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22 November, 2021

Dental Economics During COVID-19: An insight into factors that tipped the balance

Dentist nurse in suit agasint covid-19 showing teeth x-ray to stomatolog. Medical speciali

Panic buttons have been pressed at all levels since the day COVID-19 was declared a pandemic by the World Health Organization. Like all other healthcare sectors, dentistry has also been severely affected due to various factors, including the highly contagious nature of the SARS-CoV2 infection that is feared to spread through the aerosols generated during dental procedures. This has left a catastrophic impact on financial and social security and the mental and physical health of the practitioners, patients, dental auxiliaries, students, and researchers in dentistry due to the closure of dental clinics, colossal revenue, and job loss that led to economic instability.

Did the pandemic affect the Dental Practice?

An evidence-based approach about the impact of COVID-19 on finances and employments offers a worrisome picture. There is an alarming situation due to reduced patient inflow and financial collections while overheads increased due to the professional protective equipment (PPE) and other infection control materials. Studies show that more than 75% of dental practices in many geographical regions had a drastic decrease in their usual patient volume, with incomes falling, hitting rock bottom in over 82% of dental practices. 

This depletion of income and revenue directly affects dental clinic owners' capability to pay the regular salary of their employees. The period from March 2020 to August 2020 was the worst effect as more than half of dentists in many parts of the world could afford only partial salary payment while around a quarter of them could not pay their staff during this period. Research shows that just about 27% of dental practice owners provided full pay to their employees. This has been the situation globally because almost all dental practices have been shut either voluntarily or by governmental orders.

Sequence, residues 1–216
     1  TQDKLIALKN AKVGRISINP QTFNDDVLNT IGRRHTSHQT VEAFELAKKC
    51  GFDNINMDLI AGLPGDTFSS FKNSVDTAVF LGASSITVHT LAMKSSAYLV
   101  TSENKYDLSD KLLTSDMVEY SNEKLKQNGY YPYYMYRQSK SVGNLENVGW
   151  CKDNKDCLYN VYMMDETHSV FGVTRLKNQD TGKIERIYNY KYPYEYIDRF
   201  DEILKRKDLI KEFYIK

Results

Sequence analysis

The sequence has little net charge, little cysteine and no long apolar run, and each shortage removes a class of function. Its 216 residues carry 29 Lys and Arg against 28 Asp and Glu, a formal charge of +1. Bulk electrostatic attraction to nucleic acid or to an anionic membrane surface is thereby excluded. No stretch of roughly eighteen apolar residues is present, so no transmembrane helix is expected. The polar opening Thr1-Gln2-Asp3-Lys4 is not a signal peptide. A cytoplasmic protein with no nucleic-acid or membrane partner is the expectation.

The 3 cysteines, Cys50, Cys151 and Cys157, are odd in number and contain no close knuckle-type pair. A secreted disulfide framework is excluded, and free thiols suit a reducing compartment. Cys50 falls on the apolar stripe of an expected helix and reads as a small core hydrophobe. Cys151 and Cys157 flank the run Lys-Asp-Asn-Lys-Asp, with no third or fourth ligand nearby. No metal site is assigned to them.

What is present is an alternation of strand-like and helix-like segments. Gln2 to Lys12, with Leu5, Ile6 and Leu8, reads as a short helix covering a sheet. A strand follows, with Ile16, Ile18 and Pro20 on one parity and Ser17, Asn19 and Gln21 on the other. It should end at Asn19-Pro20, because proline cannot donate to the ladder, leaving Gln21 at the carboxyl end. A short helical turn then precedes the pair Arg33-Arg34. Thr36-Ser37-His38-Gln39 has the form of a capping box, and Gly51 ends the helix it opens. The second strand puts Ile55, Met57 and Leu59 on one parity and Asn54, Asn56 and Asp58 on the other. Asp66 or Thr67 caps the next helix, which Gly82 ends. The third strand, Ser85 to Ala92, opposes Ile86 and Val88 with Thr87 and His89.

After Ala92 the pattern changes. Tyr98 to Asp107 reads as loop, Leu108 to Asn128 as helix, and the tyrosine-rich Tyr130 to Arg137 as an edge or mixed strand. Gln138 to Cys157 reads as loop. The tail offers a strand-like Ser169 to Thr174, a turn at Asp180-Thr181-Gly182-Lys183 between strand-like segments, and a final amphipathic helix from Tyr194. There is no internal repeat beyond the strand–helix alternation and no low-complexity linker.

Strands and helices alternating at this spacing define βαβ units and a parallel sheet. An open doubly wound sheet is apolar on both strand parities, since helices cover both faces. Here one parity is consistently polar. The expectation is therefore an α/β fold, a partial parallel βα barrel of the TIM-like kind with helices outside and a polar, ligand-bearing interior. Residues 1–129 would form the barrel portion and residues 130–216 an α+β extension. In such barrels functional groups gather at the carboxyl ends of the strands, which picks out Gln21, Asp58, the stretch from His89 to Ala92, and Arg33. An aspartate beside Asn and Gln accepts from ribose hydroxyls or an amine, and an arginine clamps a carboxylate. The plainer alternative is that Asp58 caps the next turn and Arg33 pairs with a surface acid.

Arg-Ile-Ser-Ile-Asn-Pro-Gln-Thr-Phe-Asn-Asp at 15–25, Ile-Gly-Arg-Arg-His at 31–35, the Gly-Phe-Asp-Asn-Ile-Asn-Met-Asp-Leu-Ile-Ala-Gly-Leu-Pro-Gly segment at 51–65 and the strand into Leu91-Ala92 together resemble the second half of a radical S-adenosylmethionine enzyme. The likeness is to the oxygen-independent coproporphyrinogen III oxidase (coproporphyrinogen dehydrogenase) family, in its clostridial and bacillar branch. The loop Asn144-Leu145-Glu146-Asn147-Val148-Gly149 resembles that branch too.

Most dental clinics report to have followed the COVID- 19 infection control protocol strictly, but very few have the regular patient inflow. It was reported that only emergency cases were reported to the clinics during COVID-19 times. Surveys by The American Dental Association (ADA) showed that most of the dental professionals (>11,000) were dealing with mental stress and uncertainties, wondering if the dental professional has lost the charm of yesteryears. In light of these observations and the tremendous concerns of the COVID-19 impact on the profession of dentistry, there is a need to elaborate upon the economic and social impact of this worldwide crisis.

Effect on Dental Education

Dental schools all around the world have been devasted as a result of indefinite lockdown. COVID-19 pandemic outbreak greatly restricted the opportunity for clinical training that also adversely affected patients treated at the dental clinics of these educational institutions. For nearly ten months, dental schools' closure has resulted in losses of revenue to the tune of millions of dollars, the abrupt ending of several ongoing research, the suspension of many preplanned educational programs and activities. 

COVID-19 also stopped/stalled recruitments in dental clinics and academic institutions, devastating job seekers globally. Based on the national guidelines and policies of the particular country and the severity of COVID-19 spread, every dental school worldwide has suffered from these unfortunate incidences. 

 

Only Emergency Cases Prioritized 

Dentistry is a specialty that hugely depends on dental procedures like tooth extraction, routine scaling and root planning, denture and implant placement, root canal treatment, periodontal surgeries, orthodontic correction, etc., patients' complaints. Many dental schools discontinued their clinical services during the lockdown except for treating dental emergencies such as an acute toothache or uncontrolled bleeding from an extraction socket. Since many patients were deprived of a routine checkup and primary dental care, it is expected that there will be an increase in the prevalence of many oral diseases in the months to come. Statistics show that senior faculty (96%) and postgraduates (30%) treated the patients who reported attended emergency clinics during the pandemic.

Advent of Virtual Learning

In the initial months of the pandemic, teaching was entirely shifted to online platforms. Without sufficient resources, virtual reality devices, haptic technologies, and human resources, many dental schools had to cut down a lot on the existing curriculum. Being a clinical specialty, evaluating dental students' clinical competency, including manual dexterity and fine motor skills, is a mandatory step. Many universities skipped this aspect due to the pandemic lockdown, and instead, students were evaluated only based on their theoretical knowledge to maintain the academic year's continuity.

Change In Student Evaluation Pattern